Monday, March 3, 2014

Reviewing the reviewers

by Meredith Cole

Do you read reviews? Reply to them? Review the works of other writers?

Something rather frightening happens to some writers when their first book comes out. They become obsessed with their own reviews. They obsessively check the issues of Publishers Weekly, Library Journal, etc., etc., holding their breath and hoping that their book will get a favorable mention (or perhaps even a star). When it doesn't? Despair! When it does? They slowly find out that a great review does not instantly make them a bestselling author.

It's not that I don't read my own reviews--I just don't read them very often. I noticed that all I ever remembered were the bad parts of the review and none of the good. Eventually I had to stop measuring my own abilities on whether or not a newspaper/magazine still gave a few inches of space to unknown writers, and whether or not a reviewer happened to like or dislike my writing. I did a guest blog some years ago where my host quoted from a review that I remembered as being particularly horrible and scathing--and I was shocked that he had been able to find something that sounded so wonderful in the reviewer's words. I had completely missed it. I realized that I had no perspective and it was healthier to step away.

I have never responded to a bad review because I think it is, well, tacky. Everyone is entitled to their opinion. I'm not going to change their mind and I would just end up looking like an overly sensitive wimp. And I only tweet about (or mention on Facebook) books that I like. I'm not being paid to review anything and I figure life is too short to read things that I don't enjoy. Or pour salt on the wound of a writer just because it wasn't a book that I enjoyed.

Now, I'm not saying that reviews are not important. I love to read reviews and I'm sad that newspapers aren't reserving space for them anymore. I find reviews helpful as I look for new books and authors to read. And I can sometimes tell by reading between the lines of a bad review that it's actually a book I would love. I just have to trust that other readers will do the same for my books.

7 comments:

Robin Spano said...

Good attitude. Very healthy. You can tell you're a seasoned pro!

Susan C Shea said...

Agree with Robin's comments - wise attitude. I don't read the reader reviews any more. If they really read it and didn't enjoy it, I'm sorry. If they didn't read it but still want to trash it, I'm annoyed. If they loved it, I can't convey my gratitude. All I can do is keep writing.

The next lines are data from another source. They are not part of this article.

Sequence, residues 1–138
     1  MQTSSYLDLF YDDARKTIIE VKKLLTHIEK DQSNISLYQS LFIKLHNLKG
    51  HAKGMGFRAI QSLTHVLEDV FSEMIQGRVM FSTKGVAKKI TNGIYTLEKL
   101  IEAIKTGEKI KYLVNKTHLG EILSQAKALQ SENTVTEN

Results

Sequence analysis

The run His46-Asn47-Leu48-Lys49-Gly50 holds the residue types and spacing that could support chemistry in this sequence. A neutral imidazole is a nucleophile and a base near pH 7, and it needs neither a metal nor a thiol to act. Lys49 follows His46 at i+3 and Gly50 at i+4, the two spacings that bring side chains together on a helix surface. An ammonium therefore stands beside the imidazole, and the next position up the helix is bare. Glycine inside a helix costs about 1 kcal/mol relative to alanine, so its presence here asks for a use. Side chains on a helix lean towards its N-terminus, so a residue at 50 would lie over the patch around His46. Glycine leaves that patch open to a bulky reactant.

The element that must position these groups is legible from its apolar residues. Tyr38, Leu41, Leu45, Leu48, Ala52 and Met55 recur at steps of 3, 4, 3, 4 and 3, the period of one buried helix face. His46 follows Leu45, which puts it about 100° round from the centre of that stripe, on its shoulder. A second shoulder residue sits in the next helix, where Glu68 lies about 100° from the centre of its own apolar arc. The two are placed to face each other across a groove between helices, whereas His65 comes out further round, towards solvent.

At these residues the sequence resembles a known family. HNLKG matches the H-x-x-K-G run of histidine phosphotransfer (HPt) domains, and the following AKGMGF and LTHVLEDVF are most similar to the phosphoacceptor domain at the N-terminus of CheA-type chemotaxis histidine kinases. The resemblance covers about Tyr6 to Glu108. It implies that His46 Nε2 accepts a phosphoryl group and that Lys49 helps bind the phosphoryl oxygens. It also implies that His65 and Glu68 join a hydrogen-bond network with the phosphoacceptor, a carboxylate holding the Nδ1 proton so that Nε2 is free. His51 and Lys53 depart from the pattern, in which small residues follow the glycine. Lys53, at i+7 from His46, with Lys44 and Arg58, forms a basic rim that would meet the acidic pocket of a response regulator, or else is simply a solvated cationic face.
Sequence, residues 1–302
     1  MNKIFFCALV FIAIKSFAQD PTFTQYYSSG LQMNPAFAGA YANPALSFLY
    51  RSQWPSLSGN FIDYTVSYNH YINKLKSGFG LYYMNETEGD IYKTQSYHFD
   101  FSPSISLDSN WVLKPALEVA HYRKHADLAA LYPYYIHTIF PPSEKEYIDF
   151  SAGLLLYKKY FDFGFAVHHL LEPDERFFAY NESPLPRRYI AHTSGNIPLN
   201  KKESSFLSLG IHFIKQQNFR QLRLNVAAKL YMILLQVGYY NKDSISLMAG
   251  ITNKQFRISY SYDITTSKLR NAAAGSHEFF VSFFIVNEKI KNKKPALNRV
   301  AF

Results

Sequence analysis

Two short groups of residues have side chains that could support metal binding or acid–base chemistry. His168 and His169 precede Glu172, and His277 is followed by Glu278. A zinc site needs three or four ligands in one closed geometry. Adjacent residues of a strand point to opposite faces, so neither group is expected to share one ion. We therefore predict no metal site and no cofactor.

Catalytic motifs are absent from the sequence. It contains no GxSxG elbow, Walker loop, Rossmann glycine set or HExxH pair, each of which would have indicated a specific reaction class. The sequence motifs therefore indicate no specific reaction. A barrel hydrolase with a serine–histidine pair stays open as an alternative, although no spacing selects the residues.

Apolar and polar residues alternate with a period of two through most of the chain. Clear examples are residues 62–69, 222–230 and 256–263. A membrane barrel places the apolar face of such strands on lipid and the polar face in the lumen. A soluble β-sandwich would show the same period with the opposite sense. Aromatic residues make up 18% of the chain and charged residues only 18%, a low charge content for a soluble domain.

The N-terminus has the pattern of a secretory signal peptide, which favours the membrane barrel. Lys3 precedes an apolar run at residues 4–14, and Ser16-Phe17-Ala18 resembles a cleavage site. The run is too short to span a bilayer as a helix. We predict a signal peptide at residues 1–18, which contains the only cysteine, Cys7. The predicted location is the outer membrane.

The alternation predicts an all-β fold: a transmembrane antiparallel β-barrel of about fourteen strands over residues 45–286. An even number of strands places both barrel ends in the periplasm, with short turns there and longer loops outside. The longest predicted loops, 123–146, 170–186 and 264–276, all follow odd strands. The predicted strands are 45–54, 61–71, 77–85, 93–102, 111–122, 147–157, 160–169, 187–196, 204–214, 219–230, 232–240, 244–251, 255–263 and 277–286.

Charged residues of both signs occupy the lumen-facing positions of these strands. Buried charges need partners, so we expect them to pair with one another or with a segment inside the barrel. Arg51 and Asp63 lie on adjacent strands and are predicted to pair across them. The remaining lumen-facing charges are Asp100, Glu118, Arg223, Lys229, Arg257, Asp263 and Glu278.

Meredith Cole said...

Thanks Robin and Susan! I try to be. Sometimes I slip... But Susan is right--there isn't much you can do about other people's opinions. It's best to just keep writing.

Dana King said...

I read my reviews, but don't take them too seriously. If a consensus emerges, I need to at least pay attention, but I don't let them get me too high or too low.

What bothers me about reviews today--and I'm talking about professional, paid reviewers as well as amateurs--is how they too often resemble a school book reports. Plot points are laid out, saving the climax, though key elements earlier in the book that would have been more effective as a surprise may be mentioned. A review should tell more of what a book is about, less of what happens.

Meredith Cole said...

I hate spoilers, Dana! I think most professional reviewers would say that writing reviews is hard... But I agree that not many people do it well.

Paul D. Marks said...

Interesting points, Meredith. And I agree with you about not responding to bad reviews. You'll just end up in a verbal firefight most likely that will not go anywhere.

What bothers me when I do read some reviews of my stuff is when they totally miss the point or seem to have an agenda. I have a short story that is very clear noir and a reader reviewer on Amazon laid into why it wasn't. And it was ridiculous. But you can't argue with stupid.

And reviews remind me of a line from Donvoan's song "Young Girl Blues": "The book you are reading
Is one man's opinion of moonlight."

That's all reviews are: one person's opinion of moonlight. The next person has a different opinion.

Kristopher said...

Sometimes, I think that a distinction has to be made between professional (paid) reviewers and those that are reviewing for the "love" of reading (I am talking bloggers here and not GoodReads or Amazon reviews, which is a whole other bucket).

Writing a review is tough - there is a fine line to tread between telling enough about a book to generate interest (in my case, the reason I am writing a review) and not giving away spoilers. But certainly a review should contain some discussion of what the book is "about," not a plot summary.

I am sure that some other bloggers put less thought into that than I do. But I do always try to err on the side of no spoilers, but I am sure that at times I also fail and reveal something an author would prefer I not reveal.

But I get no money from what I do. I use no affiliate links, no ads, thus no income. I do it because I want to tell others about books I love. I do not do negative reviews. Like Meredith said, I have better things to do than focus on things I don't like.

Reviews are just part of the process. I think Meredith has the right idea with her way of handling it.